After a long, weird offseason the Diamondbacks get things going with a trip to Los Angeles. While it didn’t start great, Zack Greinke is usually terrible in Dodgers Stadium, almost like he’s embarrassed he left in the first place.
So what should we expect from a team that say three of its core players depart via free agency or trade and replace them with considerably less accomplished players?
Believe it or not, pretty close to what we saw last year at least relative to the final total of wins and losses.
Why? Because while this team lost a lot of talent, there’s still enough talent to prevent them from falling off a cliff.
Offensively, there’s no denying the team will miss Paul Goldschmidt in every way possible and I continue to believe it was a huge short and long term mistake to trade him. And AJ Pollock was a difference maker when healthy, even if that wasn’t all that often the last two years. But, while this lineup doesn’t have any real sharp teeth, its possible its more balanced top to bottom than a year ago.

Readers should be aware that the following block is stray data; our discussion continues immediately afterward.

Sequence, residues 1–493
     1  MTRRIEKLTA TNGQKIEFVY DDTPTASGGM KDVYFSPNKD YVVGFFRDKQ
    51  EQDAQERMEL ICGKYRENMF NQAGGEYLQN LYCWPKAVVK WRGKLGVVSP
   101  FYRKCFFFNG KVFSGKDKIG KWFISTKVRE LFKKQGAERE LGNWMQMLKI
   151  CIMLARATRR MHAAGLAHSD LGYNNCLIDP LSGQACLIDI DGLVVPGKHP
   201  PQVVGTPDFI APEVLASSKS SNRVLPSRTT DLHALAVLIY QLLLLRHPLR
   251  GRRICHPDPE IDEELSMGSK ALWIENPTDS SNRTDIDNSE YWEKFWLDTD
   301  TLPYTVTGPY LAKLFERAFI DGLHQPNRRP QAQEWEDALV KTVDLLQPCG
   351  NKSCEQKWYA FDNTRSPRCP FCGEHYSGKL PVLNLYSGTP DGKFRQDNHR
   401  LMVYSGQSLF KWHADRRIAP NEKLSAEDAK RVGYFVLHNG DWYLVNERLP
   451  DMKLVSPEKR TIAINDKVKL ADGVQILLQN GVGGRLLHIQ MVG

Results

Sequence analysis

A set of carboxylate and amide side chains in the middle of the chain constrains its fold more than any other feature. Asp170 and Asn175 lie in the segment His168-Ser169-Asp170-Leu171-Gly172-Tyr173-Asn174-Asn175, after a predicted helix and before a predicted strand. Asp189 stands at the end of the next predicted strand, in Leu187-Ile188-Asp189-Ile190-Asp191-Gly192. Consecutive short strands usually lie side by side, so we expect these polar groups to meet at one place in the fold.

Last year, the Dbacks collectively had wild swings of offensive production with long stretches where the offense was dynamic and longer stretches where it was anemic. The quality of the offense was usually based on which one dude in the top heavy lineup was on fire for that stretch.
The longer periods of futility were because the Dbacks spent an entire season with a minimum of basically 3 guaranteed outs in their 9 person lineup. Jeff Mathis, Alex Avila, Nick Ahmed and Steven Souza were all collectively awful last season. Jake Lamb added an uncharacteristically bad year at the plate and the Dbacks were forced to rely on Goldy/Pollock/Peralta very heavily.
This year the lineup won’t strike fear in anyone’s hearts the night before but it has less holes on paper than a year ago and that includes the loss of Souza for the year. If Jake Lamb bounces back, Carson Kelly can swing the stick a bit and Nick Ahmed keeps improving, the lineup will produce enough runs to be at least decent.
Pitching wise, Robbie Ray holds the key between a surprisingly good Dbacks season and a worse than expected year. If he pitches more like 2017 Ray, the team could have two anchors at the top of their rotation that eases the pressure off of everyone else. If he struggles, he might bring the rest of the rotation down with him.
The bullpen should be better with a healthier Archie Bradley, a closer who has a track record in Greg Holland and a pair of very intriguing power arms in Yoan Lopez and Rubby de la Rosa.
Overall, while A LOT has changed from the Diamondbacks of a year ago, the results may be pretty much the same when all 162 games are played.